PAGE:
At Haaretz, Chemi Shalev says the deal may portend the end of the special relationship, with a “fierce diplomatic storm” between the countries.
The American Jewish community itself would also face a potentially divisive and acrimonious internal debate. American Jews are likely to be split almost evenly between those who will want to “give peace a chance” and others who will cite Netanyahu’s “Iranian deal of the century” description. Most of the American Jewish establishment is likely to line up behind Netanyahu, but most Democratic-voting American Jews may prefer to back the Administration’s diplomatic efforts.
Already this week there’s been a split in the lobby: AIPAC and the AJC opposed any effort to lift sanctions, while J Street and the ADL supported the administration’s efforts.
No statement yet from the State Department on the Kerry briefing with Netanyahu. Kerry in Jerusalem yesterday hinted at what’s coming:
And it seems to me that we have an obligation to the world before you use military force you need to exhaust every possibility of diplomacy. That is an obligation. I have fought in a war. I know what happens when you go to war. War is the failure of diplomacy, and we need to try to do everything we can to exhaust diplomacy. The President has taken no option off the table. We are prepared to do what is necessary. Iran will not get a nuclear weapon.
Meantime, the New York Times reports that Kerry is growing impatient with Israeli intransigence.
At times this week, Mr. Kerry has appeared frustrated with the Israelis. On Wednesday, he appealed to the Israeli authorities to keep a lid on new settlement construction during the negotiations.
In his interview with Israeli and Palestinian journalists, Mr. Kerry used unusually pointed language in prodding the Israelis. “The alternative to getting back to the talks is the potential of chaos,” he said. “I mean, does Israel want a third intifada?”
PS. Kerry was interviewed by Maher Shalabi of Palestinian broadcasting corporation, and decried the settlement construction even as the US is doing nothing about it– and also said that a one-state solution is impossible. Shalabi indicated rising Palestinian support for such an outcome.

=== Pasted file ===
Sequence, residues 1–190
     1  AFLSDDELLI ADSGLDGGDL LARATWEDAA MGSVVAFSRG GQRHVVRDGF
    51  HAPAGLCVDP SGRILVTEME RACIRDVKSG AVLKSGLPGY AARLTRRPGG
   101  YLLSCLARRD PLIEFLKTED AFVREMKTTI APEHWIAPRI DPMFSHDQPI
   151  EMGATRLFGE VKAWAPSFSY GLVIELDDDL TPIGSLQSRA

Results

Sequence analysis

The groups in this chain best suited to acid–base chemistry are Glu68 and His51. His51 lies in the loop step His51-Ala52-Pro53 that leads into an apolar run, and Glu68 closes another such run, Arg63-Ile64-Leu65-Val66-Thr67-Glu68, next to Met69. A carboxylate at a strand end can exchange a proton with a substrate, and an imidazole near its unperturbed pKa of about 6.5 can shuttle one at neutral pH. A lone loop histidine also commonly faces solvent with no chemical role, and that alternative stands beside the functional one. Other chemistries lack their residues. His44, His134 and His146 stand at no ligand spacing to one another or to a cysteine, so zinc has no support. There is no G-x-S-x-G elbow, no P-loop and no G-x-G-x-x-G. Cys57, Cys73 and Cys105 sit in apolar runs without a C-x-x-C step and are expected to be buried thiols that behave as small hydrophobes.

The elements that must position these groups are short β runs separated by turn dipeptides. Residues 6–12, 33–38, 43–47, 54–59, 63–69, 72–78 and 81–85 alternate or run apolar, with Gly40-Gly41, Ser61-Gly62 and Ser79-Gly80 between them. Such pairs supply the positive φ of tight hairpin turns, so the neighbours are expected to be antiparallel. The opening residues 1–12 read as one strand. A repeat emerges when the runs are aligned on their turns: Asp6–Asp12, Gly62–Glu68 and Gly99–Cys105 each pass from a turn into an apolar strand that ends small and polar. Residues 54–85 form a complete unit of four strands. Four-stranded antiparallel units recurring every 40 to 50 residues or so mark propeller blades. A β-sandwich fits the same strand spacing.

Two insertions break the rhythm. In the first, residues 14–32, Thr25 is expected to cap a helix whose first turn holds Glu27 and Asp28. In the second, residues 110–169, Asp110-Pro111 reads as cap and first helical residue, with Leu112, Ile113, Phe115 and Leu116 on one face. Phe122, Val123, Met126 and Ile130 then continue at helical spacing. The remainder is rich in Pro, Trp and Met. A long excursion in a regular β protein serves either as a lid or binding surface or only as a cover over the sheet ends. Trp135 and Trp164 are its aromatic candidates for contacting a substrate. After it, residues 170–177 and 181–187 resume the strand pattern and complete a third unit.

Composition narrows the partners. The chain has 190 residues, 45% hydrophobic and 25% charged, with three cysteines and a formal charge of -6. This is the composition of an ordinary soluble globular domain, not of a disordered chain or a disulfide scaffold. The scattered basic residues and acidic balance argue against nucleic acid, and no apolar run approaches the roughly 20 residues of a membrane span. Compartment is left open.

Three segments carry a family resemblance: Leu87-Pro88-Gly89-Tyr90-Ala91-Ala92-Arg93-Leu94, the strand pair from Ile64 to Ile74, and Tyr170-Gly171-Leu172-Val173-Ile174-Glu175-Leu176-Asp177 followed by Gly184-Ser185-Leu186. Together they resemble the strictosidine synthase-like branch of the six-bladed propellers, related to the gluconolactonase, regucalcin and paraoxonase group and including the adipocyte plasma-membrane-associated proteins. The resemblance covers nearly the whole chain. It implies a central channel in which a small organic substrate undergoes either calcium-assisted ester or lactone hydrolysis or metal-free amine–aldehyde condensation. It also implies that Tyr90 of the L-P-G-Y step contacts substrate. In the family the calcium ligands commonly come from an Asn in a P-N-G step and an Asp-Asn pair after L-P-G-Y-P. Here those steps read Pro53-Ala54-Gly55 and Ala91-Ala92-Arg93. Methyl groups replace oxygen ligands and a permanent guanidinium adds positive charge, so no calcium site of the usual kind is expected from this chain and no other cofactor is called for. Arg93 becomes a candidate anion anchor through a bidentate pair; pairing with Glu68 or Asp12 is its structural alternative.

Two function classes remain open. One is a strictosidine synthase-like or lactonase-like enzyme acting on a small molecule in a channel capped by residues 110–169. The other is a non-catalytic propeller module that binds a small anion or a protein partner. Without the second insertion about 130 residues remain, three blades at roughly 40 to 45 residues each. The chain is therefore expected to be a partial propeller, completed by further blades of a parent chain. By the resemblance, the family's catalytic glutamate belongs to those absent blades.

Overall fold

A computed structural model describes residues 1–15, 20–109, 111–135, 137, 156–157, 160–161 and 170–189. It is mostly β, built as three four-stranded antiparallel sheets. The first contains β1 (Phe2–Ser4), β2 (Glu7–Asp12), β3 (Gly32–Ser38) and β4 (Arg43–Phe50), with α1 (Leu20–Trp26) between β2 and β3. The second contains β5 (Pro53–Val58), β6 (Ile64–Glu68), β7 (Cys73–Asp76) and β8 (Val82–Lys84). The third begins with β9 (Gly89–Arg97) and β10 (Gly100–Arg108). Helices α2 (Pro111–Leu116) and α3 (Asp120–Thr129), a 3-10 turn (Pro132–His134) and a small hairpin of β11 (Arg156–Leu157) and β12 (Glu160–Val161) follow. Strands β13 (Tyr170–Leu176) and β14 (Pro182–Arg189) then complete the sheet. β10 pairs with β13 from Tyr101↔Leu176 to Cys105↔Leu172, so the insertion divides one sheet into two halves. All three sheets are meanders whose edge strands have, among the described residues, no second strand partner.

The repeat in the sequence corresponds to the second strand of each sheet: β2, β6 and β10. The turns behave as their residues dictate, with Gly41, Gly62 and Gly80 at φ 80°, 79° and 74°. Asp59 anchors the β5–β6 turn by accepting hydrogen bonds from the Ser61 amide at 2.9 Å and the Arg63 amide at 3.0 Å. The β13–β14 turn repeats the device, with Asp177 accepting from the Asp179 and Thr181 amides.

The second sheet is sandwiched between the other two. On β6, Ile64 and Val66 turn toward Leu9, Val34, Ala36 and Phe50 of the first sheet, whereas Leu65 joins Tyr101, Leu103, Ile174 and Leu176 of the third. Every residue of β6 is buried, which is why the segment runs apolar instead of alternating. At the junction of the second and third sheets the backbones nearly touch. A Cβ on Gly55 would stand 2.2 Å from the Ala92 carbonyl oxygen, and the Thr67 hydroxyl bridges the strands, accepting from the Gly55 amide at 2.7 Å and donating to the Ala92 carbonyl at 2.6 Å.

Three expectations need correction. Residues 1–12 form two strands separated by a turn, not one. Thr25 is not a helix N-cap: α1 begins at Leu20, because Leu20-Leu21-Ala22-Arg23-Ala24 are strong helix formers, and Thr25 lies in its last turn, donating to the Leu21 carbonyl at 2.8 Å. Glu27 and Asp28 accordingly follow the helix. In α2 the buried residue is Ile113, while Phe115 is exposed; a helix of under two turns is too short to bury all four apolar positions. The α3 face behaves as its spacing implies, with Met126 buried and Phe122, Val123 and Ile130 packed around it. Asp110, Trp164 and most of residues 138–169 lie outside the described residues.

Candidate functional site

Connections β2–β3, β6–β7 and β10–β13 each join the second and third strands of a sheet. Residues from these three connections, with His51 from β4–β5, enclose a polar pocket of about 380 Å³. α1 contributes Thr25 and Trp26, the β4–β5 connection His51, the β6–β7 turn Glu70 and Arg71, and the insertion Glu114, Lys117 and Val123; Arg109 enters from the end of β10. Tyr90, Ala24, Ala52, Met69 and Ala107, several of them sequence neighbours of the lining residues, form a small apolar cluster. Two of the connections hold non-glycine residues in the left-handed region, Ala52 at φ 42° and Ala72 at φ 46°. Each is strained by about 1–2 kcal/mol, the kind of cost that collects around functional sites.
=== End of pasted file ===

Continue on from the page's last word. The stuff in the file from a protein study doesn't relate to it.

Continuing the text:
We do not think you should be doing settlements. We, the United States, say the same thing. We do not believe the settlements are legitimate. We think they’re illegitimate. And we believe that the entire peace process would, in fact, be easier if these settlements were not taking place. Now, that’s our position. That is also the position – but we knew that there was not going to be a freeze. We didn’t negotiate a freeze. So there’s a difference here between knowing something may happen and objecting to it. The Palestinians profoundly object to it. The international community objects to it. The United States policy has always been that the settlements are illegitimate, and we believe this process would be much easier if we didn’t have the tension that is created by settlements.
Let me ask you something: How – if you say you’re working for peace and you want peace and a Palestine that is a whole Palestinian that belongs to the people who live there, how can you say we’re planning to build in the place that will eventually be Palestine? So it sends a message that somehow perhaps you’re not really serious. Now, we understand the pressures that exist, and we understand that within the government there are people who have a different view. So until you arrive at a peace agreement, that issue will not be settled. If you arrive at a peace agreement, everybody will understand where Israel is and everybody will understand where Palestine is.
MR. SHALABI: Mr. Secretary, the message that the Palestinians receiving from building settlement, that the two-state solution question – it’s a big question mark on two-state solution. Do you think that – and also, I have statistics that even raising number Palestinian start to say two-state solution is not (inaudible) anymore and they will go for a one-state solution.
SECRETARY KERRY: Well, there is no one-state solution. There’s no such thing as a one-state solution. You cannot have peace on any one side with the concept of a one-state solution. It just won’t happen. You can’t subsume other people into one state against their will. And it simply is not a reality. And anybody who’s talking about it doesn’t know really what – it’s just not possible. So you’ll have a perpetual state of conflict if somebody tries to achieve that.